The Black Voices Project
A virtual book club uplifting black voices
welcome!
The purpose of this digital space

The Black Voices Project is a virtual Black book club and community dedicated to uplifting Black literary/creative voices through a range of mediums including books, essays, podcasts, and more! Our hope is to facilitate meaningful conversations about systemic racism and Black history while addressing current political, racial, and social issues impacting Black culture.

We will read together, learn together and grow together!

Book Selection: On the 1st of every month, ULMS will pick a text to read for the next 30 days. The text will differ each month ranging from non-fiction to fiction and even poetry. Each book selected will all focus on race, anti-racism, and/or Black culture.

Discussion Questions: We know everyone reads at their own pace. Feel free to break out into smaller groups with your friends if that makes you more comfortable! Discussion questions, will be posted each month on this page for those who would like to start a small reading circle in their workspaces and to think through personally. 

Monthly Zoom Group: During the first week of each month, there will be a live zoom discussion to cultivate conversations on the entirety of the text. Zoom details will be shared in the tab below!

Join the Book Club! Ready to participate in the dopest virtual Black book club ever? Head to the join section and get into the loop! 

Here you’ll find books we have scheduled to read in the coming months. Please note, this list is subject to change:

  • September 2020: “Citizen” by Claudia Rankine
  • October 2020: “One Person, No Vote” by Carol Anderson 

August 2020: “So You Want to Talk About Race” by Ijeoma Oluo

Although Black lives have always mattered (and Black people have been dying at the hands of systemic racism long before this year), something about this moment feels different. According to the New York Times, between 15 million and 26 million people in the U.S. participated in demonstrations in the weeks following George Floyd’s murder… making this the largest movement in our country’s history.

"This is a movement; not a moment."

Join the Club!
Step one
Subscribe to our book club mailing list.

We’re excited to read with you! Once you officially subscribe to the Black Voices Project, you will get instant access to: 

  • Monthly book wrap up Zoom meeting invitation
  • Adv. notice to claim free books
  • Mini monthly newsletter 
  • Access to our private Black Voices Project Facbook group
  • Free discounts and perks for Seattle Arts & Lectures events and tickets!
Step two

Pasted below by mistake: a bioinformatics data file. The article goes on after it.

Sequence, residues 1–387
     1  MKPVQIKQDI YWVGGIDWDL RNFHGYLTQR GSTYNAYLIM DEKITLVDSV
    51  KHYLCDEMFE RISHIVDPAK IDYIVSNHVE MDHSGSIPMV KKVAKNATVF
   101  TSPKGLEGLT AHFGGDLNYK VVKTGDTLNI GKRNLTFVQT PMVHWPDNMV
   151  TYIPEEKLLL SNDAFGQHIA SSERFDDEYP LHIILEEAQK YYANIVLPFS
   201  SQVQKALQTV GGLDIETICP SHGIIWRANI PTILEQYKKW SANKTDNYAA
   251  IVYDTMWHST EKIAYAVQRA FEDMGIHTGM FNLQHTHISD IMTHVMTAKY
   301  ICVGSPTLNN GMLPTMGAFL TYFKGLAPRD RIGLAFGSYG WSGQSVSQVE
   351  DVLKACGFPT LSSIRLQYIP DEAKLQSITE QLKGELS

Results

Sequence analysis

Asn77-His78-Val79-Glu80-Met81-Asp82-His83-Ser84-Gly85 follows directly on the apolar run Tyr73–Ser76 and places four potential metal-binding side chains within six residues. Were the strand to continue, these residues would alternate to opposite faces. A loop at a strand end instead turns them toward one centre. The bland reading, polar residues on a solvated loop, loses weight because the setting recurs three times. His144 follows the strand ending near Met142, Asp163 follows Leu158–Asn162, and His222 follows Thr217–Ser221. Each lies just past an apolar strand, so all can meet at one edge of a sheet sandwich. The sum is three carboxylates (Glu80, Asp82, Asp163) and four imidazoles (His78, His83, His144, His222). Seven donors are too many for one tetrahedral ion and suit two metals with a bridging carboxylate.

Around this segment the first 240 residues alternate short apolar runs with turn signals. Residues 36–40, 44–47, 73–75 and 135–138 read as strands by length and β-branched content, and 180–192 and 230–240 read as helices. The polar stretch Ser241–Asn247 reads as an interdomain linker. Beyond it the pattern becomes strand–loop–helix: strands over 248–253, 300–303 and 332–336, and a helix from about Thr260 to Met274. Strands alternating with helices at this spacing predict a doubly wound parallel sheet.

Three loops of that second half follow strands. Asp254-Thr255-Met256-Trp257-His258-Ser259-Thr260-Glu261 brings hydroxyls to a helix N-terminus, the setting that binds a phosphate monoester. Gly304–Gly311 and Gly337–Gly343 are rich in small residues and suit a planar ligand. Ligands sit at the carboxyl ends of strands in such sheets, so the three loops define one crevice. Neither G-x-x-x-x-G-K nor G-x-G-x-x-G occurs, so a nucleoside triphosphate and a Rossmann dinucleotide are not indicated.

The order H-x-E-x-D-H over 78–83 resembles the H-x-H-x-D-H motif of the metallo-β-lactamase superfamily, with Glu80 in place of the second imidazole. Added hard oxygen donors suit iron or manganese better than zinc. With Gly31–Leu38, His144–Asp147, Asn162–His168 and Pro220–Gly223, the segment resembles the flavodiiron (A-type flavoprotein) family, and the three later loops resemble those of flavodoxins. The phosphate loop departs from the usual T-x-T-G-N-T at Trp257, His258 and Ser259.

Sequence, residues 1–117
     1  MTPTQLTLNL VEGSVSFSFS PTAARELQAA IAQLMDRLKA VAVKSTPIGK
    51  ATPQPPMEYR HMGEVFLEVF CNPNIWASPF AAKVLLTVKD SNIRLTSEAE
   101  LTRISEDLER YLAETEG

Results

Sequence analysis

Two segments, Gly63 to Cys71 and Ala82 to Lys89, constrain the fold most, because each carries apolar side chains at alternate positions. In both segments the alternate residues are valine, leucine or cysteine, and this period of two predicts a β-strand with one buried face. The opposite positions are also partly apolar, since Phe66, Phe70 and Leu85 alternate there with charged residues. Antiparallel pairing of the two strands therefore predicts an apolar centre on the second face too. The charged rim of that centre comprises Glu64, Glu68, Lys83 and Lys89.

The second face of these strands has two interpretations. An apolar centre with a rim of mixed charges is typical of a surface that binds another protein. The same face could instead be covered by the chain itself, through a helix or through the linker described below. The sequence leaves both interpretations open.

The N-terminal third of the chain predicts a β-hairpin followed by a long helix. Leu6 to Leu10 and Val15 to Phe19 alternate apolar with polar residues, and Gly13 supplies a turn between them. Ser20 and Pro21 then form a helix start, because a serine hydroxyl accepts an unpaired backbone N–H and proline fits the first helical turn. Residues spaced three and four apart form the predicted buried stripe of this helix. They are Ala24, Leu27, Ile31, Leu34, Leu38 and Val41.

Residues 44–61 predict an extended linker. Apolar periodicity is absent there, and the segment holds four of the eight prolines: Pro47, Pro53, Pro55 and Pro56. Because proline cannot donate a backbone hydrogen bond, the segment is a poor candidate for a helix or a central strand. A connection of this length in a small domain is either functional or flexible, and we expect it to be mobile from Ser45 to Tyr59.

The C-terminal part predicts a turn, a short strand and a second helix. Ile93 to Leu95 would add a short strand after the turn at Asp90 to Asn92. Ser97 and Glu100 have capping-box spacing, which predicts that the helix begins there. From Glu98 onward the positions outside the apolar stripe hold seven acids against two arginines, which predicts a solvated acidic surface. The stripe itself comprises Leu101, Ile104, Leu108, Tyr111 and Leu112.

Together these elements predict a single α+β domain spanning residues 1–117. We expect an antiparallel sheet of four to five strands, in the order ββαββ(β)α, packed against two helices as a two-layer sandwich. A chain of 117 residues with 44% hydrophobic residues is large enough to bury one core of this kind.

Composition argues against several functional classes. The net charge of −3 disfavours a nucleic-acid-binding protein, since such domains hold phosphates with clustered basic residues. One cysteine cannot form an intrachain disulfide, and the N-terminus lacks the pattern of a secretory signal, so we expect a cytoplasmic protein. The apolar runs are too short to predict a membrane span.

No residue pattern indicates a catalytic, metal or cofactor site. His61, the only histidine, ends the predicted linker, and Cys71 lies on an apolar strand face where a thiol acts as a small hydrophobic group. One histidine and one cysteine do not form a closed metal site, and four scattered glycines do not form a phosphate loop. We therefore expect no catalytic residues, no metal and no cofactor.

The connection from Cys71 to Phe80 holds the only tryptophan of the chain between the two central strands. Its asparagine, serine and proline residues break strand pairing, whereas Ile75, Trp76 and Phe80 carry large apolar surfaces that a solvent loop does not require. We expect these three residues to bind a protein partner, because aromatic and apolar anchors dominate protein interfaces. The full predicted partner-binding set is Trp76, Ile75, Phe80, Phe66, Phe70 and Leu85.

Start reading!

Once you’re subscribed, we’ll reach out to you with this month’s book pick and some think questions to get you started. If you don’t have our selected book, see below for ways to read along!

Step three
Tune in to discuss!

Join us at the end of each month for our wrap-up zoom discussion! We’ll have an in depth discussion and round-table analysis of the book, it’s themes, and real world application. You can also check in with our Facebook group for real time engagement, some surprise giveaways, announcements and more!

In order to truly understand this moment and our role in it, we must know how history brought us here and make a serious commitment to amplify Black voices.

We are in the middle of a collective commitment right now, to #DoBetter, dismantle white supremacy, and fight for equity for all. It’s as if, as a nation, we have hit a boiling point and are suddenly wondering: How did we get here, and what can we do about it now?

BOOK OF THE MONTH
Here's what we're reading:

Citizen by Claudia Rankine recounts mounting racial aggressions in ongoing encounters in 21st-century daily life and in the media. Some of these encounters are slights, seeming slips of the tongue, and some are intentional offensives in the classroom, at the supermarket, at home, on the tennis court with Serena Williams and the soccer field with Zinedine Zidane, online, on TV – everywhere, all the time.

The cumulative stresses come to bear on a person’s ability to speak, perform, and stay alive. Our addressability is tied to the state of our belonging, Rankine argues, as are our assumptions and expectations of citizenship.

Book accolades: 

  •  Finalist for the National Book Award in Poetry
  • Finalist for the National Book Critics Circle Award in Criticism 
  • Winner of the NAACP Image Award 
  • Winner of the L.A. Times Book Prize
  • Winner of the PEN Open Book Award 

Born in Jamaica in 1963, Claudia Rankine earned her BA in English from Williams College and her MFA in poetry from Columbia University.

She is the author of five collections of poetry: Citizen: An American Lyric (Graywolf Press, 2014), which received the 2016 Rebekah Johnson Bobbitt Book Prize for Poetry, the 2015 Forward Prize for Poetry, and the 2014 National Book Critics Circle Award in Poetry; Don’t Let Me Be Lonely: An American Lyric (Graywolf Press, 2004); PLOT (Grove Press, 2001); The End of the Alphabet (Grove Press, 1998); and Nothing in Nature is Private (Cleveland State University Poetry Center, 1995), which received the Cleveland State Poetry Prize.

In 2016, Rankine was awarded a MacArthur “Genius” Grant and named a United States Artists Zell fellow in literature. In 2017, she founded the Racial Imaginary Institute, a “a moving collaboration with other collectives, spaces, artists, and organizations towards art exhibitions, readings, dialogues, lectures, performances, and screenings that engage the subject of race.” She is currently a Frederick Iseman Professor of Poetry at Yale University.

“because white men can’t police their imagination, black men are dying.”